As she states, approach this from the perspective of a trade off … not I have to stop eating something, but what can I substitute for wheat that will fill those same needs nutritionally. I also add in B complex vitamins and others that are usually sourced in the grains of our wheat based diets. Thankfully, quinoa and some others, are really tasty substitutes! I don't feel deprived, just a lot healthier and happier without all the pain and distress in my guts.

GabbyPA 2012-06-16 08:18:50 -0500 Report

The thing that stood out to me in this was that she said she was pain free after having a gluten free diet (not by choice, but by providence!) I want to be pain free...I know inflammation is a huge part of pain in our bodies and gluten is inflammatory. DUH...so why is it so hard to give up? DANG.

Graylin Bee
Graylin Bee 2012-06-16 16:52:17 -0500 Report

Because they taste so good.
My very worst pain causing food is of all things, a Hershey Kiss. Instant bliss They taste so good. If I eat only 1 my hands hurt all over. Can I resist for longer than 6 months, the longest kiss ban I have managed to date?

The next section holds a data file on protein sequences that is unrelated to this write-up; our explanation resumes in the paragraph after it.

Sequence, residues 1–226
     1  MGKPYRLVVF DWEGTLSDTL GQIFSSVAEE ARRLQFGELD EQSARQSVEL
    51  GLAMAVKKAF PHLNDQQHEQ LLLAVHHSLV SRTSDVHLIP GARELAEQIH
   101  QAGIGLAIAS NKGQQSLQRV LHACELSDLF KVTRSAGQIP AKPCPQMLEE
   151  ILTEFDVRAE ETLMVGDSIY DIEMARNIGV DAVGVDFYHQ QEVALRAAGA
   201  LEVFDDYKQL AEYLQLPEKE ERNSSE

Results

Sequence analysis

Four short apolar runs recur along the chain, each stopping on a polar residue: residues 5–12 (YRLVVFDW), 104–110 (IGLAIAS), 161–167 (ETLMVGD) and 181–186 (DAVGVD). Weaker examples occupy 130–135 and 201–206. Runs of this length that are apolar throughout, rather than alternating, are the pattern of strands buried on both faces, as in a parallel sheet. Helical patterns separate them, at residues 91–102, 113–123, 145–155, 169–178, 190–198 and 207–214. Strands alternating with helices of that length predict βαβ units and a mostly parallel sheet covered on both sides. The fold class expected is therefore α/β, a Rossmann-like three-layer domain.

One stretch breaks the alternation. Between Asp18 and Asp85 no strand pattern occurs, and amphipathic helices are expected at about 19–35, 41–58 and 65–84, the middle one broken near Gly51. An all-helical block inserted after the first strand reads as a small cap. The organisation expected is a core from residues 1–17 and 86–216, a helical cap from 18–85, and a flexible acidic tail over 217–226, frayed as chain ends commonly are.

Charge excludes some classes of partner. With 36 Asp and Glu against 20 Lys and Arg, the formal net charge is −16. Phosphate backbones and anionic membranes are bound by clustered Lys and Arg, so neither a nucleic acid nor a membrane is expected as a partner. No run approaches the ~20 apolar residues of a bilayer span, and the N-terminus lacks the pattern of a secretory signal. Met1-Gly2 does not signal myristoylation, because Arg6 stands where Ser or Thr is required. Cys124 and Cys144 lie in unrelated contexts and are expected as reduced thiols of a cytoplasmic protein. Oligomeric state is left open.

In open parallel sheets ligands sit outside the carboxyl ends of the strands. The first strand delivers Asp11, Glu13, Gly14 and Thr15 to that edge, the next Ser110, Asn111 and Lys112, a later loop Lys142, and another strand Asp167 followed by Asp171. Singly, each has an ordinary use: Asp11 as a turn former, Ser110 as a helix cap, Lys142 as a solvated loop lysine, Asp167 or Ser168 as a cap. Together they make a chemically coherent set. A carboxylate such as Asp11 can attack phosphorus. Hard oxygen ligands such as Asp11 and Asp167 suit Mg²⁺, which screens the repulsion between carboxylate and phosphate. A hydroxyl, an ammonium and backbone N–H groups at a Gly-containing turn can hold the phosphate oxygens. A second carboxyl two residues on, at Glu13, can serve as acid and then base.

Same with gluteny foods. I want that warm wonderful dinner roll the waiter placed within my reach. So what if BG goes into the YIKE zone and bloat happens. That will all be moments later. I want to live in this moment and savor every over-buttered bite. Hubby has to move quicker than I to save me from myself. He blocks me with a baricade of menus.

jayabee52 2012-06-16 18:58:27 -0500 Report

Your long suffering hubby! He must love you very much! He wants tp keep you around for as long as possible, it would seem.

Graylin Bee
Graylin Bee 2012-06-16 19:46:11 -0500 Report

Well, Hubby is AKA Grumpy Disabled Guy and I am his Helper Monkey. Therefore it is in his best interests to keep me around. Who would be there to pick up his cane when he drops it or all my many other equally useful skills?

swlinda 2012-06-15 07:31:09 -0500 Report

Thanks Gabby, I have been thinking this might be a good thing to try.

Caroltoo 2012-06-15 08:07:21 -0500 Report

If you have undiscovered gluten issues, it's a wonderful way to go. If not, it's still a healthy one because the wheat content in our prepared foods and the gluten content of our wheat have both increase so much in recent years.